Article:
5. If this feels easy, progress to a single-leg stance.

This exercise promotes reflexive stabilization from the foot, enhances breath control, and engages deep stabilizers. It helps integrate stability and mobility for optimal pelvic movement and efficiency.

If this was helpful, please give it a like, share it, and subscribe to our YouTube channel, the Movement Paradigm, for weekly tips on mindset, nutrition, and movement. Our goal is to help you live your best life, heal, transform, and, more importantly, thrive.

You can always join us in our app, the Movement Paradigm. We have lots of challenges every other month—everything from movement to the nervous system, nutrition, and so on. And we have a great community of people.

You can also reach out to us for an individual appointment for functional medicine or holistic physical therapy. If you really want to get to the root cause, please reach out to us.

Other things that might interest you:

5 Steps to Addressing SI Joint Pain | the Truth About SI

What you need to know about hip bursitis

Why you should consider eliminating gluten and dairy | Elimination Diet

How to Improve Your Digestion: 6 Ways You Need to Know

Are you experiencing digestive issues such as bloating, constipation, diarrhea, belching, or gas? In this blog, we’re going to dive into six specific ways on how to improve your digestion.

We’ll also explain the importance of a healthy digestive system and how to achieve it through natural practices.

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What You Need to Know About Digestion

Digestion is a complex process with many variables, but there’s a lot we can control. The breakdown of food starts in the mouth with enzymes from saliva. The stomach uses hydrochloric acid and pepsin to break down proteins. The pancreas releases enzymes to break down carbs, proteins, and fats. The liver and gallbladder produce bile to aid fat digestion. The small intestine has enzymes to complete digestion. 

When digestion breaks down, it can lead to gut issues like dysbiosis, leaky gut, inflammation, and even pathogens.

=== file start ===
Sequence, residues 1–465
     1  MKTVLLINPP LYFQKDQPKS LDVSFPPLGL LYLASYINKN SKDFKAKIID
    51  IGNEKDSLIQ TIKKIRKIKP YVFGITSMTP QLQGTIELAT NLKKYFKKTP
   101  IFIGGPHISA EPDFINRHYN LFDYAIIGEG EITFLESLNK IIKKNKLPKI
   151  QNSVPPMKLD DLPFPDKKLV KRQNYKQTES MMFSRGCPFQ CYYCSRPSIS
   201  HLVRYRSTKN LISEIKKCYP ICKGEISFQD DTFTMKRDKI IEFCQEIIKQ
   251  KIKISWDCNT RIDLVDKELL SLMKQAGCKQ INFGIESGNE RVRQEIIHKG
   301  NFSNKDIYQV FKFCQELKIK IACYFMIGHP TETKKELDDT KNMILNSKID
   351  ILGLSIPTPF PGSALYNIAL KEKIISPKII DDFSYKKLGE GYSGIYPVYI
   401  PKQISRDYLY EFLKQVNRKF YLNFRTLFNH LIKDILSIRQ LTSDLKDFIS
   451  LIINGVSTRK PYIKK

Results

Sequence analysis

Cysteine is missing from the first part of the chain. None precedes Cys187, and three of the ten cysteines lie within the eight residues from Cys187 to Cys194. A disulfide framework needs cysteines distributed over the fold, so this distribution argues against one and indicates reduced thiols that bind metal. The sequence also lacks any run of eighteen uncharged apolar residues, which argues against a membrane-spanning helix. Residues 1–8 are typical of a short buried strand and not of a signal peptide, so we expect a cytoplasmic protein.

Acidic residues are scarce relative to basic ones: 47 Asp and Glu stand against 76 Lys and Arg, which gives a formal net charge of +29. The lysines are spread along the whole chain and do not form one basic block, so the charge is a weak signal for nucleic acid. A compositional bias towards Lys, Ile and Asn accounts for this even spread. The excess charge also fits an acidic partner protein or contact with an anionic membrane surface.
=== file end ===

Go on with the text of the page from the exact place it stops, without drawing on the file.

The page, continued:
So, what are some tips to improve digestion?

6 Tips to Improve Digestion

1. Bringing yourself to a parasympathetic nervous system state

This means ‘rest and digest.’  When in fight-or-flight mode, blood flow moves away from the digestive tract. If we’re multitasking, like reading or looking at our phone, we’re increasing cortisol and diverting blood flow away from the digestive tract, which slows digestion. I recommend a nervous system practice before eating. 

If you’re stressed or anxious, you might need to do a somatic practice to get rid of excess energy. This could be shaking, bouncing, or body drumming. Follow this with diaphragmatic breathing: in through the nose, out through the nose, tongue at the roof of the mouth, allowing the abdomen to expand and contract fully. This helps bring blood flow back to the digestive tract. You can also take a moment of gratitude or mindfulness to be present with your food.

2. Limiting your water intake around meals or fluid intake

If you’re having digestive issues, try to limit water intake to 15 minutes before, during, and 15 minutes after meals. Increased fluid around meals can decrease stomach acid and reduce digestion efficiency. From an Eastern medicine perspective, drinking cold water can also negatively affect digestion. Plan your fluid intake to avoid excessive drinking during meals.

3. Chewing your food 20 to 30 times

Chewing is crucial for optimizing digestion because it breaks food into small particles before it reaches the small intestine. Even if the food is soft, try to chew as much as possible. Ensure your diet includes food that requires chewing and isn’t all soft processed foods. Modern society’s shift toward softer foods has affected jaw structure and chewing ability.

4. Walking after your meals

A short walk, even as brief as 2-5 minutes, can significantly aid digestion. This is preferable to eating a large meal and then lying down on the couch. Walking helps support the digestive process, so it’s a great habit to form.